Ethiopia’s prime minister on Friday said his government has carried out airstrikes against the forces of the country’s well-armed Tigray region, asserting that strikes in multiple locations “completely destroyed rockets and other heavy weapons” and made it impossible for a retaliatory attack.
Abiy Ahmed’s evening announcement marked another escalation in clashes this week that experts say could slide one of Africa’s most powerful and populous countries into civil war.
There was no mention of casualties in what Abiy called the “first round of operation” against the region’s government, the Tigray People’s Liberation Front. He said the air force destroyed heavy weapons in Tigray’s capital, Mekele, and surrounding areas, alleging the TPLF “has the desire to use them.”
The operation will continue, Abiy said, “until the junta is made accountable by law.”
There was no immediate response from the Tigray government, while the region is increasingly boxed in by movement restrictions and a six-month state of emergency imposed by the federal government.
Hours earlier, the prime minister defended the military operations that were launched early Wednesday after Abiy accused the Tigray government of a deadly attack on a military base. He asserted that months of patiently trying to resolve differences with the regional government have failed because of the leadership’s “criminal hubris and intransigence.”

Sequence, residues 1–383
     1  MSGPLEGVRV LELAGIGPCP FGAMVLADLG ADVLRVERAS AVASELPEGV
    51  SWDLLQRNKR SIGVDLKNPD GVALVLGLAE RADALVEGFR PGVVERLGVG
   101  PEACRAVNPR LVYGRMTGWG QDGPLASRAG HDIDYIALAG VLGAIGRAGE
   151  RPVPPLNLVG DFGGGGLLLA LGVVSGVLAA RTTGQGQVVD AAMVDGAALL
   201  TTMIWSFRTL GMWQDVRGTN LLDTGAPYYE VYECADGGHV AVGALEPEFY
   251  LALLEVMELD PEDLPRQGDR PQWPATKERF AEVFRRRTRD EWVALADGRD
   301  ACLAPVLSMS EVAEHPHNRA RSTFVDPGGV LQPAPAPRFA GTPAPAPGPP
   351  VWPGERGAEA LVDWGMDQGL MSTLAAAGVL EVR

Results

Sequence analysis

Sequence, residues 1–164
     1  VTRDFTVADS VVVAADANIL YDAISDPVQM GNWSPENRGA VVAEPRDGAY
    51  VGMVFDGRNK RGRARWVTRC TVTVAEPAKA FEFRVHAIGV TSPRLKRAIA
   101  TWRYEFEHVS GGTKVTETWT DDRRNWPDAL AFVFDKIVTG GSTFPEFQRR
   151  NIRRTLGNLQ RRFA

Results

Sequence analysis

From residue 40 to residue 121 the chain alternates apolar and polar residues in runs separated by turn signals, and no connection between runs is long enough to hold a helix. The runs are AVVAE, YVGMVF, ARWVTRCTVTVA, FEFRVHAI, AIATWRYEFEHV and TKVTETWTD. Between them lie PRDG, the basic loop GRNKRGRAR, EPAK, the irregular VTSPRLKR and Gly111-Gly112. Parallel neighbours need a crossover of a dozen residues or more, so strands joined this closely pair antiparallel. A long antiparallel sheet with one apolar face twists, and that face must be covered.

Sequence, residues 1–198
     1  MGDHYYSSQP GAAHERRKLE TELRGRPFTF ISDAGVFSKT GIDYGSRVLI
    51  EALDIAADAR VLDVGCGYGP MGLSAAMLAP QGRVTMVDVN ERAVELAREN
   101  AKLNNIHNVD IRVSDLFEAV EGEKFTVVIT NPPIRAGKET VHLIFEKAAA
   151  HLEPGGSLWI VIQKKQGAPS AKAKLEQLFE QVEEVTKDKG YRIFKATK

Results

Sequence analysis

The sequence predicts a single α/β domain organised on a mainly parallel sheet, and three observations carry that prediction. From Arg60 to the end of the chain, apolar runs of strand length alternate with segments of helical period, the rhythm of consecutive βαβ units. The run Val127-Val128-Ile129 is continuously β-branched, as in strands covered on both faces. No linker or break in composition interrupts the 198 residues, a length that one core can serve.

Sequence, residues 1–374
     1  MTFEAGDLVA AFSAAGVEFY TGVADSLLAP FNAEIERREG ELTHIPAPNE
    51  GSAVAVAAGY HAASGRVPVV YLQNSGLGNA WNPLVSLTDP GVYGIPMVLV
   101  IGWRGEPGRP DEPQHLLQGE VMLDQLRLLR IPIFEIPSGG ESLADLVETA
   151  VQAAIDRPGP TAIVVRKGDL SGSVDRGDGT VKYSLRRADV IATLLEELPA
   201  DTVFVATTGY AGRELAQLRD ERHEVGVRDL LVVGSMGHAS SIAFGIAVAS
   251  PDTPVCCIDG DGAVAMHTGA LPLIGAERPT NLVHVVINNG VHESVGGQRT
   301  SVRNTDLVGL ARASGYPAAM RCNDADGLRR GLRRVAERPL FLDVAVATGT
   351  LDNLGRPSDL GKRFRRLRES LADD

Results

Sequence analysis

And with that, the prime minister appeared to close the door on dialogue, which some experts and diplomats say is desperately needed.
He asserted that the “large-scale law enforcement operation” has “clear, limited and achievable objectives: to restore the rule of law and the constitutional order.”
The prime minister, who won the Nobel Peace Prize last year for his sweeping political reforms, faces his greatest test as the TPLF, which dominated Ethiopia’s government before he took office in 2018, has pushed back while feeling marginalized.
The northern Tigray region is increasingly cut off. Ethiopia’s civil aviation authority said airports in Mekele and the regional cities of Shire, Axum, and Humera were closed. In Sudan, the acting governor of Kassala province said its border with northern Ethiopia has closed “until further notice” due to the tensions, the Sudan News Agency reported.